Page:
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US Kiddie Commission puts porno Webmasters on notice

'You sickos belong in prison'

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Several Puritanical alarmists sitting on the Child Online Protection Act (COPA) Commission argued during a meeting Tuesday that the US government should forcibly defend our tender sprouts from on-line filth by imprisoning the purveyors of electronic obscenity.

"One well-placed prosecution could send a message to the providers of this material that it's not acceptable," Commissioner and former Gary Hart squeeze turned anti-porn crusader Donna Rice Hughes suggested.

Not acceptable to whom, we wonder. At least one pernickety gaggle of irresponsible, child-hating troublemakers known as the US Supreme Court would beg to differ, as it did when it struck down COPA's predecessor, the Communications Decency Act, in 1997. There the issue was the audacious way the US Bill of Rights prohibits reducing adult discourse and dialogue to a level appropriate for children.

Then there was the Third US Circuit Court of Appeals in Philadelphia, which in June let stand a lower court ruling that the COPA is so broad it could affect virtually any Web site, and require only that some prosecutor somewhere find some bit of content potentially "harmful to minors," which is the COPA's eminently low and cheaply emotional standard.

Former model Rice Hughes has apparently seen the light and accepted Jesus Christ as her Personal Saviour since her scandalous overnight liaison with the then married former Colorado Senator, which scuppered his bid for the presidency in 1987.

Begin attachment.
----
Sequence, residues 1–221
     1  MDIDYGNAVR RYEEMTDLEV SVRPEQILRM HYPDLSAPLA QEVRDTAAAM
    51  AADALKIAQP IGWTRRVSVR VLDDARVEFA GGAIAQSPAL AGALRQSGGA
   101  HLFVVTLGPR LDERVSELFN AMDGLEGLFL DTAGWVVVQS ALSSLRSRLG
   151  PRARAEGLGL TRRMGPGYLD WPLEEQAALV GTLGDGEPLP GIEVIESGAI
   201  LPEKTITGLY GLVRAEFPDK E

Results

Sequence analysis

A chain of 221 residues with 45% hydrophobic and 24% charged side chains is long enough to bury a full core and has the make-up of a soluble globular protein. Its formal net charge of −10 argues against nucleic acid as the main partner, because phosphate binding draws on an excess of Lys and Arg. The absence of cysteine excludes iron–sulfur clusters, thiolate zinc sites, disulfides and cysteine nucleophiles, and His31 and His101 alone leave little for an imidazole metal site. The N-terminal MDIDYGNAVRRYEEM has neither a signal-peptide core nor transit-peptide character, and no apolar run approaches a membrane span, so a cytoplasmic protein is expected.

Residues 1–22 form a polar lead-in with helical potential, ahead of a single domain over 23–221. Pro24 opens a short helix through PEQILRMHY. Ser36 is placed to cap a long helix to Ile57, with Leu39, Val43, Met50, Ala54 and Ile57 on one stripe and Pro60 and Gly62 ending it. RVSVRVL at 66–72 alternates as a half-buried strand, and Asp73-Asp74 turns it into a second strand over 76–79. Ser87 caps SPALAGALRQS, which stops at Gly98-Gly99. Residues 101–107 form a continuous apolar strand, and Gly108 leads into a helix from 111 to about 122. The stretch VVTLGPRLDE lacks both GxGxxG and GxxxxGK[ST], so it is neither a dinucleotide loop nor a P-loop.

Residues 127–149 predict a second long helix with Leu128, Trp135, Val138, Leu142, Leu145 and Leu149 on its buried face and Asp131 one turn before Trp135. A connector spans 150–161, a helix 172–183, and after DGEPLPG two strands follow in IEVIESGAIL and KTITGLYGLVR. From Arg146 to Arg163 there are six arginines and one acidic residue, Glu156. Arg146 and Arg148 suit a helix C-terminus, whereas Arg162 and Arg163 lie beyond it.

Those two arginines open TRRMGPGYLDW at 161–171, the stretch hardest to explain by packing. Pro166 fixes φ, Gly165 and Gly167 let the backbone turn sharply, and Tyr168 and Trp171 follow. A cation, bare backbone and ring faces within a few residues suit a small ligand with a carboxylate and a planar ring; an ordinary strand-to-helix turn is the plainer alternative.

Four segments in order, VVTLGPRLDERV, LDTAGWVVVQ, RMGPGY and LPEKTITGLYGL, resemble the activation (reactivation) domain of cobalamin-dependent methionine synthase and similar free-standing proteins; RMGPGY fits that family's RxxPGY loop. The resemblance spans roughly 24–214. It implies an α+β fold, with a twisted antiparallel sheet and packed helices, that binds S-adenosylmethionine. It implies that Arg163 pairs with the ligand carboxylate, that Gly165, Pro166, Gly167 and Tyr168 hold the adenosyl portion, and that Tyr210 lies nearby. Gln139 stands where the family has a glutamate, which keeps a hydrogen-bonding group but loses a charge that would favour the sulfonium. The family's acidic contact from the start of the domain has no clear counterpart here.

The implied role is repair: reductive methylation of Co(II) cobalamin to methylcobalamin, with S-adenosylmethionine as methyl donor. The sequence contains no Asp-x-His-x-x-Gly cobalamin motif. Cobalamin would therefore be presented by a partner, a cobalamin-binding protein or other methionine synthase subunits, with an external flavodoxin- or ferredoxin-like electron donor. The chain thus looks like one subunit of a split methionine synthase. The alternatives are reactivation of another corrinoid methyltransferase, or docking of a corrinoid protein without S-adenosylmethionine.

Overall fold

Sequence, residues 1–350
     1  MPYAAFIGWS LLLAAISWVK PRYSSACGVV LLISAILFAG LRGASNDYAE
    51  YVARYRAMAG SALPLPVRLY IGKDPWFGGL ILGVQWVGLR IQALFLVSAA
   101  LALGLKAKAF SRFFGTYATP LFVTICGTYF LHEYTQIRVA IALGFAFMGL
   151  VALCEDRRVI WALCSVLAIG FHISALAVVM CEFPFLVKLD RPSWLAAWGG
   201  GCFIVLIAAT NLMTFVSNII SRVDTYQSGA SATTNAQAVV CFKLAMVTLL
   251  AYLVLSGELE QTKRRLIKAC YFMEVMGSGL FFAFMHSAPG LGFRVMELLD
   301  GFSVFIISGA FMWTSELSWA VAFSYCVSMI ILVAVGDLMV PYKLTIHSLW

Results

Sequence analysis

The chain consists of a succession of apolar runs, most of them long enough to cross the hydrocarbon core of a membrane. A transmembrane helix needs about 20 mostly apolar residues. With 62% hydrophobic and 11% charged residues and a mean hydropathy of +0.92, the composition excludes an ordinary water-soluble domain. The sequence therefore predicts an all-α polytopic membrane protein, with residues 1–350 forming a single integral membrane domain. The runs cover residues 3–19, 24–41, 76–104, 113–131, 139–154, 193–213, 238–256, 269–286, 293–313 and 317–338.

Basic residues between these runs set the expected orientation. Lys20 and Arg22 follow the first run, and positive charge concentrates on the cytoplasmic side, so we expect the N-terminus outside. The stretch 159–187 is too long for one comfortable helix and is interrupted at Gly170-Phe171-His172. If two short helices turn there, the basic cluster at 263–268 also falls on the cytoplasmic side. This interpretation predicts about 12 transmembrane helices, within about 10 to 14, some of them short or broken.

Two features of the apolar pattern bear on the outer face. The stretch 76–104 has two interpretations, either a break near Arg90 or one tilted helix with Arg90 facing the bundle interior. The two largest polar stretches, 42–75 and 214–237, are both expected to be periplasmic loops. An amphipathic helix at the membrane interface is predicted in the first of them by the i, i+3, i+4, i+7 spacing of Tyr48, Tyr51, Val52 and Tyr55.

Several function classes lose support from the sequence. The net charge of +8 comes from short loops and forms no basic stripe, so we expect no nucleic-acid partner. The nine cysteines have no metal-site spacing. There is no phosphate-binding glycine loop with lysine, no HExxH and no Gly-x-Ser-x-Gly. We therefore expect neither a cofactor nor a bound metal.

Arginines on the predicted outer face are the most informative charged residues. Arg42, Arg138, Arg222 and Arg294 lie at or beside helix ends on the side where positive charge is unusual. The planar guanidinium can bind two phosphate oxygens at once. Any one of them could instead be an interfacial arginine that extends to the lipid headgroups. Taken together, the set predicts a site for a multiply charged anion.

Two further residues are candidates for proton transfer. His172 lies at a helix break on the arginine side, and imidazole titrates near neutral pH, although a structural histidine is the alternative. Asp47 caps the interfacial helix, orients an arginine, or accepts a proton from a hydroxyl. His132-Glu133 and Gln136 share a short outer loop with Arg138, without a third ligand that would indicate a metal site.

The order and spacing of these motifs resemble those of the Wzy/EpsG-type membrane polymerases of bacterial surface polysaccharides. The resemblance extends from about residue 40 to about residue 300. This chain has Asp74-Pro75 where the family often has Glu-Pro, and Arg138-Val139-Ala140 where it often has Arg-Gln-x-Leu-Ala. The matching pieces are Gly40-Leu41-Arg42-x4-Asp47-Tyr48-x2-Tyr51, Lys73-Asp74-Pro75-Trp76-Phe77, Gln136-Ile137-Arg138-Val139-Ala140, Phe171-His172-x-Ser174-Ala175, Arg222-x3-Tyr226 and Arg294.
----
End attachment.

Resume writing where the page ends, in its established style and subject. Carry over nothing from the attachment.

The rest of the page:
She has since fully cast out the demons by writing a book, Kids Online: Protecting Your Children in Cyberspace, which advocates a "more aggressive enforcement of cyber-crime laws," and urges citizens to "Remember, public opinion drives public policy and law enforcement!" A Web site touting it has been, em, erected here.

Despite all the Puritanical, Massachusetts Bay Colony rhetoric, several of the more level-headed Commissioners believe that a massive DoJ purge, carried out by abusing federal obscenity laws, is a poor tactic. The US courts tend to be a bit funny about the First Amendment, and even if one should sell out to the Guardians of Childhood Innocence, the appellate process will almost certainly overturn it, converting the crusade into a vast waste of government money --always unpopular with John Q -- and yet another civil liberties fiasco for the Clinton Administration.

Far better to increase awareness and education regarding on-line dangers for tots, and make more and better software tools available to parents anxious about Junior's forays into cyberspace.

"Education...gets more bang for the buck, and this is a bang-for-the-buck issue," Commission Chairman and Network Solutions Executive Advisor Donald Telage said quite rationally.

There will be one more public hearing, at AOL Headquarters in northern Virginia, on 4 and 5 October. The Commission's final report to Congress is due 21 October. ®

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